Managing Patients with Heart Arrhythmia - Episode 1
Deepak L. Bhatt, MD, MPH, FACC, FAHA, FSCAI, FESC, reviews the prevalence of atrial fibrillation and risk factors for developing the disease.
Deepak L. Bhatt, MD, MPH, FACC, FAHA, FSCAI, FESC: Welcome to this Practical Cardiology™ CardioView presentation titled “Managing Patients With Heart Arrhythmia.” I’m Dr Deepak Bhatt, the executive director of interventional cardiovascular programs at Brigham and Women’s Hospital and a professor of medicine at Harvard Medical School in Boston, Massachusetts. This discussion will focus on an overview of heart arrhythmia and review new developments in monitoring atrial fibrillation [A-Fib] and syncope. Let’s begin.
Atrial fibrillation is the most common arrhythmia in the United States and worldwide, with a prevalence that’s growing. Why is the prevalence growing? Because of a number of trends. One is the aging of the population. In the United States and globally there are many older people, and atrial fibrillation and its prevalence increase markedly in both men and women as one gets older. In the 70s, 80s, 90s, the incidence of atrial fibrillation is much higher than at younger ages. So this is a real issue in terms of a growing burden of atrial fibrillation.
Beyond the aging population, several other factors appear to be contributing to atrial fibrillation. It wasn’t fully appreciated until relatively recently that obesity contributes to atrial fibrillation, and it appears that weight loss can decrease A-Fib burden. Obesity is a risk factor for cardiovascular disease, whether it’s ischemic heart disease or heart failure. That’s well known. But it turns out that it’s also a risk factor for developing atrial fibrillation. In people who have atrial fibrillation, it can also increase atrial fibrillation burden. Even in patients who’ve had an atrial fibrillation ablation, it appears that weight loss decreases the risk of occurrence or recurrence. Regardless of the stage of atrial fibrillation—at risk for it, has it, has had an ablation for it—it appears that weight loss decreases risks of recurrent atrial fibrillation, de novo atrial fibrillation, and atrial fibrillation after procedure. For patients who are overweight, particularly who are obese, if they’re asking what can they do to decrease atrial fibrillation risk, weight loss is definitely now on that list.
Another risk factor that’s relatively new is alcohol intake. A number of studies now point to the fact that even a single drink a day increases the risk of atrial fibrillation. This is true of people who have atrial fibrillation. It also appears to be true of people who are just at risk for atrial fibrillation but don’t have it yet. In terms of things patients can do to decrease atrial fibrillation risk, they can cut down or eliminate alcohol intake. That’s not always a popular answer, but that’s what the data show. We know that binge drinking can precipitate the occurrence of atrial fibrillation; that’s been known by physicians for years. There’s holiday heart syndrome, where they come in after, say, the Super Bowl and a weekend of partying, with lots of drinking and perhaps lots of chips and salt, and they have atrial fibrillation, even if they haven’t had it before. That can occur in relatively younger people, and it can occur in older folks. There’s no question that acute alcohol intake, especially large amounts, can trigger atrial fibrillation. But what’s novel and true is that more modest chronic intake can do it as well. Studies show that even a single drink can increase the risk of developing atrial fibrillation. So alcohol is a trigger.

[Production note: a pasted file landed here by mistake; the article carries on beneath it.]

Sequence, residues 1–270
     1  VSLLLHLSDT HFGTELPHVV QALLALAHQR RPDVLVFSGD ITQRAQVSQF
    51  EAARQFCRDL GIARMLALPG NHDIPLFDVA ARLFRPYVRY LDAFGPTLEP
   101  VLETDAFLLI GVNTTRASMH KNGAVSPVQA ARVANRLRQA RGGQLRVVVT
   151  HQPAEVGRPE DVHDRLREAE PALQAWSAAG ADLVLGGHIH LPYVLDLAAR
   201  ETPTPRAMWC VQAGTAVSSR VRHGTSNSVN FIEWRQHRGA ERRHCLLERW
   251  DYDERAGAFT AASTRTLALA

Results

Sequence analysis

Interestingly, we’ve thought coffee or caffeine intake is a trigger for atrial fibrillation. But there, rigorous trials are more ambiguous about whether that’s true. I’ve certainly met patients who are convinced that atrial fibrillation has been triggered by caffeine intake, so maybe there’s something to it. But that’s not been as clearly established by rigorous clinical trial data. It can get tricky because if someone is drinking a lot of caffeine, it might mean they’re also staying up all night, under a lot of stress, and not eating right, so there are other bad things going on that could also serve as triggers for atrial fibrillation. It gets tricky figuring out what an actual trigger for atrial fibrillation is. I’m not saying that an individual patient’s caffeine, stress, and lack of sleep might not be part of it. I’m sure it is, but in terms of very rigorous data, we can say with certainty that alcohol is a trigger for atrial fibrillation.
Other contributing factors are well known: patients with heart failure are at much higher risk of atrial fibrillation, patients with valvular heart disease are at high risk. In particular, increasing the left atrial dimensions—stretching the left atria—can be a trigger for atrial fibrillation. Mitral stenosis and mitral regurgitation are classic for increasing the risk. Even aortic stenosis and its downstream effects—or maybe upstream effects, depending on how you look at it—can lead to atrial fibrillation. Heart failure of any cause, valvular heart disease—in particular involving the mitral valve, but even other valvular lesions—can increase the risk of atrial fibrillation. Hypertension is a well-known risk factor for atrial fibrillation. Diabetes is another well-established risk factor for atrial fibrillation, heart failure, and associated conditions. There are a lot of potential factors that can lead to atrial fibrillation. There are other things that can trigger it. Infiltrative diseases such as amyloidosis can increase the risk of atrial fibrillation. Basically, anything that’s infiltrating or enlarging the left atrium, causing fibrosis, can provoke occurrence and maintenance of atrial fibrillation.
Transcript Edited for Clarity